Copyright | (c) The University of Glasgow 2001 |
---|---|

License | BSD-style (see the file libraries/base/LICENSE) |

Maintainer | libraries@haskell.org |

Stability | stable |

Portability | portable |

Safe Haskell | Trustworthy |

Language | Haskell2010 |

The Maybe type, and associated operations.

# Documentation

data Maybe a

The `Maybe`

type encapsulates an optional value. A value of type

either contains a value of type `Maybe`

a`a`

(represented as

),
or it is empty (represented as `Just`

a`Nothing`

). Using `Maybe`

is a good way to
deal with errors or exceptional cases without resorting to drastic
measures such as `error`

.

The `Maybe`

type is also a monad. It is a simple kind of error
monad, where all errors are represented by `Nothing`

. A richer
error monad can be built using the `Either`

type.

Monad Maybe | |

Functor Maybe | |

MonadFix Maybe | |

Applicative Maybe | |

Foldable Maybe | |

Traversable Maybe | |

Generic1 Maybe | |

MonadPlus Maybe | |

Alternative Maybe | |

Eq a => Eq (Maybe a) | |

Data a => Data (Maybe a) | |

Ord a => Ord (Maybe a) | |

Read a => Read (Maybe a) | |

Show a => Show (Maybe a) | |

Generic (Maybe a) | |

Monoid a => Monoid (Maybe a) | Lift a semigroup into |

type Rep1 Maybe | |

type Rep (Maybe a) | |

type (==) (Maybe k) a b |

maybe :: b -> (a -> b) -> Maybe a -> b

The `maybe`

function takes a default value, a function, and a `Maybe`

value. If the `Maybe`

value is `Nothing`

, the function returns the
default value. Otherwise, it applies the function to the value inside
the `Just`

and returns the result.

#### Examples

Basic usage:

`>>>`

True`maybe False odd (Just 3)`

`>>>`

False`maybe False odd Nothing`

Read an integer from a string using `readMaybe`

. If we succeed,
return twice the integer; that is, apply `(*2)`

to it. If instead
we fail to parse an integer, return `0`

by default:

`>>>`

`import Text.Read ( readMaybe )`

`>>>`

10`maybe 0 (*2) (readMaybe "5")`

`>>>`

0`maybe 0 (*2) (readMaybe "")`

Apply `show`

to a `Maybe Int`

. If we have `Just n`

, we want to show
the underlying `Int`

`n`

. But if we have `Nothing`

, we return the
empty string instead of (for example) "Nothing":

`>>>`

"5"`maybe "" show (Just 5)`

`>>>`

""`maybe "" show Nothing`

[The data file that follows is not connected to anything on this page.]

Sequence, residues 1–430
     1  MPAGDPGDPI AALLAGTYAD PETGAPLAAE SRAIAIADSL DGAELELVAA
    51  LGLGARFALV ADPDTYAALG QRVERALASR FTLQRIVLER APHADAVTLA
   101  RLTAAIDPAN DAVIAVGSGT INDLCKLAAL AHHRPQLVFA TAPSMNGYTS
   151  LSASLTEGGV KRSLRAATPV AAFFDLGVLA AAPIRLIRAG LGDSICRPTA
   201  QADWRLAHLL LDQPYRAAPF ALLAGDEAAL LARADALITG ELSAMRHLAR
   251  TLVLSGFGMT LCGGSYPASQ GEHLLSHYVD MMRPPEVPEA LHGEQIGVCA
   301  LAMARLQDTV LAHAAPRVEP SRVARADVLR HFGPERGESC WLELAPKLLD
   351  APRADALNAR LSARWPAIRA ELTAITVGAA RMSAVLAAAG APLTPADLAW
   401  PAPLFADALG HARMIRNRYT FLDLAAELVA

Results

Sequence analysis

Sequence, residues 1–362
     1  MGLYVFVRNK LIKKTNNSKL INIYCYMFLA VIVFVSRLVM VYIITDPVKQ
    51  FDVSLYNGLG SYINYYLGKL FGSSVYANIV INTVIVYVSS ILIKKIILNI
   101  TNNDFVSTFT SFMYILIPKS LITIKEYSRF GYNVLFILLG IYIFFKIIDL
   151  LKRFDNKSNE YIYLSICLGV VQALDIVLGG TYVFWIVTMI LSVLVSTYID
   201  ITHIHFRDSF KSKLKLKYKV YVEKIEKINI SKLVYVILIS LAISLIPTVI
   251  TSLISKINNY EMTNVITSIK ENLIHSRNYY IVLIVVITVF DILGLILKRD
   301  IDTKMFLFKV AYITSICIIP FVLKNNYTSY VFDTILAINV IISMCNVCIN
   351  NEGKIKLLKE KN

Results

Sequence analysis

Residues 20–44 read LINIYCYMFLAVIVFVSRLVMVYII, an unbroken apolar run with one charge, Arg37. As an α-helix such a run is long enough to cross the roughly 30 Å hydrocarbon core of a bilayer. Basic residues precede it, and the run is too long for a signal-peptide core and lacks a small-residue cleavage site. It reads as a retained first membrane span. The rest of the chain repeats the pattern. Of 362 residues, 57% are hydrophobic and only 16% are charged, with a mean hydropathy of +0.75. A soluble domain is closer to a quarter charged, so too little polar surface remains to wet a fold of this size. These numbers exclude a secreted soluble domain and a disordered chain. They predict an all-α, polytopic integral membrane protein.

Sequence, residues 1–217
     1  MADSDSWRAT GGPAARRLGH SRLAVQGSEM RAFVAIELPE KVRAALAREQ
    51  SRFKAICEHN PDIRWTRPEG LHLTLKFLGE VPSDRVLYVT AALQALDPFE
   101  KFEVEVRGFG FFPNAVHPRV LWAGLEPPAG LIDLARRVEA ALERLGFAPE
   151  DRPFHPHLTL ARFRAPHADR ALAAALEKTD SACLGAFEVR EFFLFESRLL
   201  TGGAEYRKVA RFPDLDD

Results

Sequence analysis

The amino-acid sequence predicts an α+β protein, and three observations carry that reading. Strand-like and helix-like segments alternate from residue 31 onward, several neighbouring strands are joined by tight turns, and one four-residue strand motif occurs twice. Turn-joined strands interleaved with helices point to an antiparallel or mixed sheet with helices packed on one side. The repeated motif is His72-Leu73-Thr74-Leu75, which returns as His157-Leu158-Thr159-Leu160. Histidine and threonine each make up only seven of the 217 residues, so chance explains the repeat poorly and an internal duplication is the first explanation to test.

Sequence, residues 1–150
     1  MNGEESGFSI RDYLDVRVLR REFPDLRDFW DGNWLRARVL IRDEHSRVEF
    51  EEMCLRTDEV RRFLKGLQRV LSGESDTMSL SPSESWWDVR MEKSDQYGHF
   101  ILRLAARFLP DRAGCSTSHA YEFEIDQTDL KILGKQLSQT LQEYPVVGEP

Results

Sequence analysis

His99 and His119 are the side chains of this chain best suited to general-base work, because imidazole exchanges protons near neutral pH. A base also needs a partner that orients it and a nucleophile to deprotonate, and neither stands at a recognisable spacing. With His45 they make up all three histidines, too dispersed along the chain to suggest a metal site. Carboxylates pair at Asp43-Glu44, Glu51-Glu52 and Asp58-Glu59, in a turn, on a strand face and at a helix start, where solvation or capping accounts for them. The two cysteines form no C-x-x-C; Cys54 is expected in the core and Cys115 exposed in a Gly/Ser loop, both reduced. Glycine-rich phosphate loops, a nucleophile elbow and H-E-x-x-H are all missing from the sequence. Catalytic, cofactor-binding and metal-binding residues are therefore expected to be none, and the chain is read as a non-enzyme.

fromMaybe :: a -> Maybe a -> a

The `fromMaybe`

function takes a default value and and `Maybe`

value. If the `Maybe`

is `Nothing`

, it returns the default values;
otherwise, it returns the value contained in the `Maybe`

.

#### Examples

Basic usage:

`>>>`

"Hello, World!"`fromMaybe "" (Just "Hello, World!")`

`>>>`

""`fromMaybe "" Nothing`

Read an integer from a string using `readMaybe`

. If we fail to
parse an integer, we want to return `0`

by default:

`>>>`

`import Text.Read ( readMaybe )`

`>>>`

5`fromMaybe 0 (readMaybe "5")`

`>>>`

0`fromMaybe 0 (readMaybe "")`

listToMaybe :: [a] -> Maybe a

The `listToMaybe`

function returns `Nothing`

on an empty list
or

where `Just`

a`a`

is the first element of the list.

#### Examples

Basic usage:

`>>>`

Nothing`listToMaybe []`

`>>>`

Just 9`listToMaybe [9]`

`>>>`

Just 1`listToMaybe [1,2,3]`

Composing `maybeToList`

with `listToMaybe`

should be the identity
on singleton/empty lists:

`>>>`

[5]`maybeToList $ listToMaybe [5]`

`>>>`

[]`maybeToList $ listToMaybe []`

But not on lists with more than one element:

`>>>`

[1]`maybeToList $ listToMaybe [1,2,3]`

maybeToList :: Maybe a -> [a]

The `maybeToList`

function returns an empty list when given
`Nothing`

or a singleton list when not given `Nothing`

.

#### Examples

Basic usage:

`>>>`

[7]`maybeToList (Just 7)`

`>>>`

[]`maybeToList Nothing`

One can use `maybeToList`

to avoid pattern matching when combined
with a function that (safely) works on lists:

`>>>`

`import Text.Read ( readMaybe )`

`>>>`

3`sum $ maybeToList (readMaybe "3")`

`>>>`

0`sum $ maybeToList (readMaybe "")`

The `catMaybes`

function takes a list of `Maybe`

s and returns
a list of all the `Just`

values.

#### Examples

Basic usage:

`>>>`

[1,3]`catMaybes [Just 1, Nothing, Just 3]`

When constructing a list of `Maybe`

values, `catMaybes`

can be used
to return all of the "success" results (if the list is the result
of a `map`

, then `mapMaybe`

would be more appropriate):

`>>>`

`import Text.Read ( readMaybe )`

`>>>`

[Just 1,Nothing,Just 3]`[readMaybe x :: Maybe Int | x <- ["1", "Foo", "3"] ]`

`>>>`

[1,3]`catMaybes $ [readMaybe x :: Maybe Int | x <- ["1", "Foo", "3"] ]`

mapMaybe :: (a -> Maybe b) -> [a] -> [b]

The `mapMaybe`

function is a version of `map`

which can throw
out elements. In particular, the functional argument returns
something of type

. If this is `Maybe`

b`Nothing`

, no element
is added on to the result list. If it is

, then `Just`

b`b`

is
included in the result list.

#### Examples

Using

is a shortcut for `mapMaybe`

f x

in most cases:`catMaybes`

$ `map`

f x

`>>>`

`import Text.Read ( readMaybe )`

`>>>`

`let readMaybeInt = readMaybe :: String -> Maybe Int`

`>>>`

[1,3]`mapMaybe readMaybeInt ["1", "Foo", "3"]`

`>>>`

[1,3]`catMaybes $ map readMaybeInt ["1", "Foo", "3"]`

If we map the `Just`

constructor, the entire list should be returned:

`>>>`

[1,2,3]`mapMaybe Just [1,2,3]`